Mental illness can become visible in so many different ways; it’s quite possible for people to be suffering from acute anxiety or depression, without even realizing it. While it’s generally understood that depression gives feelings of hopelessness, sadness, or suicidal thoughts, there are many other, lesser known symptoms. In order to tackle the stigma that has attached itself to mental health, it’s important that the conversation is opened up, a productive dialogue is struck, and people are more openly educated about the symptoms and manifestations of mental health problems. These following four symptoms can all be side-effects of depression, anxiety, and other conditions affecting our mental health.
People experiencing feelings of depression can feel as though they lack energy and drive, however much they sleep and however much coffee they drink. While it would make sense that people experiencing the tiredness that can accompany depression would sleep for hours on end, it is more often the case that these people experience bouts of insomnia and difficulty sleeping. Depression usually goes hand in hand with anxiety, which is a major cause of insomnia but can be difficult to diagnose. If you’re experiencing insomnia for an extended period, it’s a good idea to speak to your doctor and get to the bottom of the causes.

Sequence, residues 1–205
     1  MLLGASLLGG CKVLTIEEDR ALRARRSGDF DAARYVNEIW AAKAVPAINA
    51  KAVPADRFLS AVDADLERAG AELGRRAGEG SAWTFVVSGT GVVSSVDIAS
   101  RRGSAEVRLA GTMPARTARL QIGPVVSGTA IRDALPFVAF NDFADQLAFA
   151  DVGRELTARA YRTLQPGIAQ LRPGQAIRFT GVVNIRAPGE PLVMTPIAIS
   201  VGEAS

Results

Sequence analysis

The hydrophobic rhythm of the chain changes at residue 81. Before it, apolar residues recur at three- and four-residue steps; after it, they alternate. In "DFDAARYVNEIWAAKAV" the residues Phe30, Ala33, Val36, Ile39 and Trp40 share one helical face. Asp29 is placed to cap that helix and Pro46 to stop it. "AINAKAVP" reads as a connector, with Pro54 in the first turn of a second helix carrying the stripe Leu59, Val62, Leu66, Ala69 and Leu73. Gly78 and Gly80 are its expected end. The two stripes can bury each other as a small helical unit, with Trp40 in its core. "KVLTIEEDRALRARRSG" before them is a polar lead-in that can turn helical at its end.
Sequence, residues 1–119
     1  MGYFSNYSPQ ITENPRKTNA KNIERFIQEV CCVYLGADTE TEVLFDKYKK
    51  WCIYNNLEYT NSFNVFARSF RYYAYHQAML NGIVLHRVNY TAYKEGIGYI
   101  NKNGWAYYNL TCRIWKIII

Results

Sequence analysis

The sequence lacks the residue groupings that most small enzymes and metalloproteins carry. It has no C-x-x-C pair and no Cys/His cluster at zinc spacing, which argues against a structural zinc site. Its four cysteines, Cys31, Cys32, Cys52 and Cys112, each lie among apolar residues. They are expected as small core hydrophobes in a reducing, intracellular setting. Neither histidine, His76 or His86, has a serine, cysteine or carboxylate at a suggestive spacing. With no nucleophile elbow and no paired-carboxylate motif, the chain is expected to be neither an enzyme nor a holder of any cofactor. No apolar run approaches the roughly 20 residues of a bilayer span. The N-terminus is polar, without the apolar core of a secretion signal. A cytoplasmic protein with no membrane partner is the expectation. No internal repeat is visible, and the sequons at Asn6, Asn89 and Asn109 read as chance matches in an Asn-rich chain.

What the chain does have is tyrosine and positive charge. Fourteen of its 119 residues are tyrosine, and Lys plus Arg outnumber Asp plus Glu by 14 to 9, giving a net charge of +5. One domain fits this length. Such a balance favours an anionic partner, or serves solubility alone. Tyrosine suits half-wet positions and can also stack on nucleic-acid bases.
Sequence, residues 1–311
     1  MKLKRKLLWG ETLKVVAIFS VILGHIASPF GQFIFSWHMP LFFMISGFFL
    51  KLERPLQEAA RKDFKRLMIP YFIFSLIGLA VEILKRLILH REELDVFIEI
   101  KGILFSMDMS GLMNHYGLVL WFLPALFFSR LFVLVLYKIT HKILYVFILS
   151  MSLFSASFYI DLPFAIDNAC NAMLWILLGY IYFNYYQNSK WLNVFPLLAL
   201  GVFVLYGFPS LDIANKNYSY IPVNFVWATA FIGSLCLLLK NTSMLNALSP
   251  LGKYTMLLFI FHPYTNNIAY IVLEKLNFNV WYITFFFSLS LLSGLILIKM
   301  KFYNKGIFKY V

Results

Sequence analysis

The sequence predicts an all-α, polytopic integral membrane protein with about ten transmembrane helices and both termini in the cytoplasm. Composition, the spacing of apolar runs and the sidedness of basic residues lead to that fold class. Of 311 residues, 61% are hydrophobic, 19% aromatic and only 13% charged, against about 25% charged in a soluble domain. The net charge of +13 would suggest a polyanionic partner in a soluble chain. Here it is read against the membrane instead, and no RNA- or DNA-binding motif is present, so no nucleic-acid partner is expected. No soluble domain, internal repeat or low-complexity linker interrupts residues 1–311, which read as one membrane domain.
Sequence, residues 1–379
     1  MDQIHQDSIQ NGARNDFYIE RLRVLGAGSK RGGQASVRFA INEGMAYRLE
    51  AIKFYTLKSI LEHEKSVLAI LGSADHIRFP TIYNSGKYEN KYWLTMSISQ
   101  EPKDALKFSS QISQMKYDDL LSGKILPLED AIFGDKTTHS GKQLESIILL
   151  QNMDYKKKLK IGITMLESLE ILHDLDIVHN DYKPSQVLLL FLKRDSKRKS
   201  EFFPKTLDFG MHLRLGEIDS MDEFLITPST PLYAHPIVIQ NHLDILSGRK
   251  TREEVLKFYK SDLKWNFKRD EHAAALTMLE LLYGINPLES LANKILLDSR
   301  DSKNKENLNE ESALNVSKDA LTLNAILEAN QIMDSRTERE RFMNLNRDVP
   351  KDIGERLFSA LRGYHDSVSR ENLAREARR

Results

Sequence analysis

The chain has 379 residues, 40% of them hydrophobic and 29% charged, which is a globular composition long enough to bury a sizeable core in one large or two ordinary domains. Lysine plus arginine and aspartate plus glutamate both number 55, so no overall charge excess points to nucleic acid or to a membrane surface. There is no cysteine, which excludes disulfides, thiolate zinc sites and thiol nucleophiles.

Mental health conditions go hand in hand with drug and alcohol abuse. The feeling of depression lends itself to ideas of futility and nihilistic tendencies, which make people more likely to make decisions which can seem reckless and potentially damage their health. In these situations, it’s important that people seek out rehabilitation facilities which are equipt to deal with both the mental health problems and the addiction, such as the Beachside facility. Rather than just dealing with the addiction, they’re able to help to treat the cause of the addictive personality trait too, making a recovery far more successful.
Aches and pains
Interestingly, mental health conditions can cause general aches and pains for the sufferer, as well as feelings of illness with no perceivable cause. This is partly due to the tension that people experience putting pressure on muscles and joint – not being able to relax can really take its toll on the body. Stress also releases the hormone cortisol, which is known to increase blood sugar but also lowers the immune system, meaning that people experiencing high levels of stress and anxiety are actually more likely to succumb to some kind of bug or virus.
Lastly, people who are experiencing mental health conditions can lose the will to socialize with friends and family, leading to feelings of isolation and loneliness, which in turn can worsen the medical depression, especially in older people. This can be the only symptom of depression, and so it can be difficult for that person to get the help they deserve.
It’s a common misconception that mental health conditions, specifically depression, are manifested by feelings of sadness, fatigue, and ennui. In actuality, there are countless ways that mental health conditions can present, such as the ones outlined above.